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Mr Feroli's analysis is flawed. He assumes that the exact amount that "squatters" would be spending on their mortgage - or more specifically the interest - is now being spent on other things instead. First, if the homeowners have the cash, can you assume that all of them would not send it to their lender to get him off their back, rather than go out and blow it? Second, it is almost a given that whatever these homeowners have to spend is being spent on necessities like utilities, groceries and gas. Nothing above what was being spent prior to the mortgage crisis, therefore very little that would improve GDP. Sure, there is some amount that does get diverted from mortgage interest payments to other goods. But nowhere near Mr. Feroli's simplistically calculated number.

Thank You everyone for your great comments. Same situation here. Have lived in our modest, broken down home for 19 years and we are still underwater. Homes are selling for what they were priced 30 years ago in Vegas. Never late on a payment, inquired to Wells Fargo about lowering our interest rate because of financial hardship (job loss)....NO..NO...NO...the banks want you to foreclose because the corrupt truth is they receive TARP money with foreclosure. I just wish some journalists would be gutsy enough to reveal the awful ugly truth about the failing housing market. I will repeat my mantra. There will be no recovering in the housing market until principals are reduced. Investors can buy up all of these empty homes, but it's kind of hard to rent them out to decent tenants when no one has any jobs...

Squatting in my own home!?! How dare you? I stopped making my mortgage payment when there was no choice: I didn't have enough money to make my payment any longer. Now, after 18 months of trying to get my lender, USBank, to MODIFY my loan. I could not qualify for the HAFA program. I finally got modified with the HAMP program. But it's useless -the new payment is also too high. Did you know they only consider your INCOME in the HAMP program & do not calculate your payment amount considering your expenses??? So the new payment is unreasonable - but it staved off the recurring auction dates their foreclosure attorney/department has scheduled. If they had refinanced my loan in the beginning,(in 2009), I would not have been under this mental stress for all this time. But I had a credit score of 701 and needed 710 at the time. Seriously!. The other thing you need to remember is the amount of money I have given the lender in interest alone since I purchased this little house in 1987! They have not suffered by our contract. I got very ill in 2005 and have had excessive and exhorbitant medical bills and medical insurnce premiums to pay. My monthly health insurance premium with another wonderful US corporation, United HealthCare, is now $973 per month with $1000 deductible, and $2000 out of pocket per year???? Squatting in my own house? I am a 62 year old person who worked all her life, never married, and have had no help especially now that I am having health trouble. They will take my house and sell it for way less than I currently owe and I will have lost everything. Is THAT Ethical? I know very few people that are "squatting". But I know plenty of people who are (still) losing their jobs, are struggling to pay for health care and gas and food. You need to put faces and history behind the facts in your stories and statistics. This is AMERICA. What ever happened to equal opportunity? The latest blow I have received is that Cal HFA has a new program called "Keep Your Home California" to help people like me. But the "servicers" (lenders) participate in it voluntarily. And US BAnk is NOT participating. Instead of all the coverage of Yenem and Syria, & Bin Laden, why don't you cover the fraud that being perpetrated on the former US Middle class by the banks? I heard brienfly the Deutsche Bank was being sued by the US Government for mortgage securities fraud. Why havent I heard more about that? That's more important to me than photos of Bin Laden.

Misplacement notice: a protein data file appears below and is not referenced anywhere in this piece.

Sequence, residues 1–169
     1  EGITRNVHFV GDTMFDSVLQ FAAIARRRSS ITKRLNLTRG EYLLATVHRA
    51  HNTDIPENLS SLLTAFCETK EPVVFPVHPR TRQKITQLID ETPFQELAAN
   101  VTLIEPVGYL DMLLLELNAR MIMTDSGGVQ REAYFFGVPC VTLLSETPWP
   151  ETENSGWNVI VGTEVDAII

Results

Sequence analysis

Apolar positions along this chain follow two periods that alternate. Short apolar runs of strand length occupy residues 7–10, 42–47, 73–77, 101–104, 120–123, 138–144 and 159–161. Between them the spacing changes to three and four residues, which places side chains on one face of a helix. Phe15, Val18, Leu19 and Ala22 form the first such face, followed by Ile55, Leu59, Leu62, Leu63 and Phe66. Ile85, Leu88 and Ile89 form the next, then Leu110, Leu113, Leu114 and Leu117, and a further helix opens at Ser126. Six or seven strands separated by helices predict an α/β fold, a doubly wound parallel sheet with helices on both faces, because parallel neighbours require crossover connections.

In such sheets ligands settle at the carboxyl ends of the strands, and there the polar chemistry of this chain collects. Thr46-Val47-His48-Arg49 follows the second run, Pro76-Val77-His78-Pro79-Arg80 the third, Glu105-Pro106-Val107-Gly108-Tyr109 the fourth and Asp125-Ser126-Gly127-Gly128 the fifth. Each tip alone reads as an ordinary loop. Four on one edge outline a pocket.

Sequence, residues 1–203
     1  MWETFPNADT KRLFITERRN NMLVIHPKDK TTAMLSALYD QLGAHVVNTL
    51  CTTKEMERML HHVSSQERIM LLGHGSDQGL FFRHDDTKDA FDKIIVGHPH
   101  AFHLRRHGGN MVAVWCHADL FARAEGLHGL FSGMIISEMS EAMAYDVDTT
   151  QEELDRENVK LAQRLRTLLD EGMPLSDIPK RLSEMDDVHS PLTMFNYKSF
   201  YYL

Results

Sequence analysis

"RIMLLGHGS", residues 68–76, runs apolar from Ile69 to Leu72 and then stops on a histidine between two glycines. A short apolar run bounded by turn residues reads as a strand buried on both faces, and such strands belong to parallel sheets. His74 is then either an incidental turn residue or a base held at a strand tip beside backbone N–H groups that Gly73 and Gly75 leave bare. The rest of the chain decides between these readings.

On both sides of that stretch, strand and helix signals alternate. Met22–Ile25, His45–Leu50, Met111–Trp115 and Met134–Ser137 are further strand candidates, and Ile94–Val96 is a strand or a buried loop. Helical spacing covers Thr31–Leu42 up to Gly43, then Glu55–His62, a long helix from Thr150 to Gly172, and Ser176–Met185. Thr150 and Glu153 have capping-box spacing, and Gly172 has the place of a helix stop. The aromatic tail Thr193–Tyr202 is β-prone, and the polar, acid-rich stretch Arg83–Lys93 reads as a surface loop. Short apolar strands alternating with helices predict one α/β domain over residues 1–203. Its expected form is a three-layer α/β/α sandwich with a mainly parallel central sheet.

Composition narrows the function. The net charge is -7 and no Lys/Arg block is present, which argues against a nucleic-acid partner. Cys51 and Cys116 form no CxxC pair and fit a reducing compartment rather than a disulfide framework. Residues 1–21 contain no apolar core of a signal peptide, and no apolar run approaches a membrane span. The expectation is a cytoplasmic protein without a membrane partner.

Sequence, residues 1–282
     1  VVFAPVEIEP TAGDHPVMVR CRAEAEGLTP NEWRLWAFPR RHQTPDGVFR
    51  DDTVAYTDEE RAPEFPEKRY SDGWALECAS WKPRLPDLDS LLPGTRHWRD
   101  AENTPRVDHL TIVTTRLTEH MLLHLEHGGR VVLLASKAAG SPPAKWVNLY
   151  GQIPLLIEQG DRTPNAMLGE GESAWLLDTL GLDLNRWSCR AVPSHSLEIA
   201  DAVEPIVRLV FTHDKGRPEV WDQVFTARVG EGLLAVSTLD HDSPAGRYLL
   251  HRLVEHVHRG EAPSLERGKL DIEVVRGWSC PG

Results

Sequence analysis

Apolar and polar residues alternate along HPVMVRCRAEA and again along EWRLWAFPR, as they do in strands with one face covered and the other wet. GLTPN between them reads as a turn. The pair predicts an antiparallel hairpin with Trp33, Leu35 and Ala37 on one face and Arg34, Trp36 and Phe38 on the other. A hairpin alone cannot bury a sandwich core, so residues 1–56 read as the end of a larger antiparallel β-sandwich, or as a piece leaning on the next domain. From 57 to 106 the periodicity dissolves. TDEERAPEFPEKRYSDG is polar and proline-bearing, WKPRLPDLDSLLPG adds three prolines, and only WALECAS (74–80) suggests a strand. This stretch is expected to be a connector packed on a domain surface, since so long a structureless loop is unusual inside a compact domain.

The degree to which the local economy is helped by extra spending from people living in houses in default and not paying, is more than countered by the losses to the economy by rents being higher than they otherwise would have been if that housing stock had been permitted back into circulation. You also need to incluse all the housing stock being held idle (vacant) by banks while they are able to borrow capital from the Fed for near zero rates.

Mr. Feroli's bank used bailout money to purchase a large western bank laden with bad mortgage's. And now they complain about it?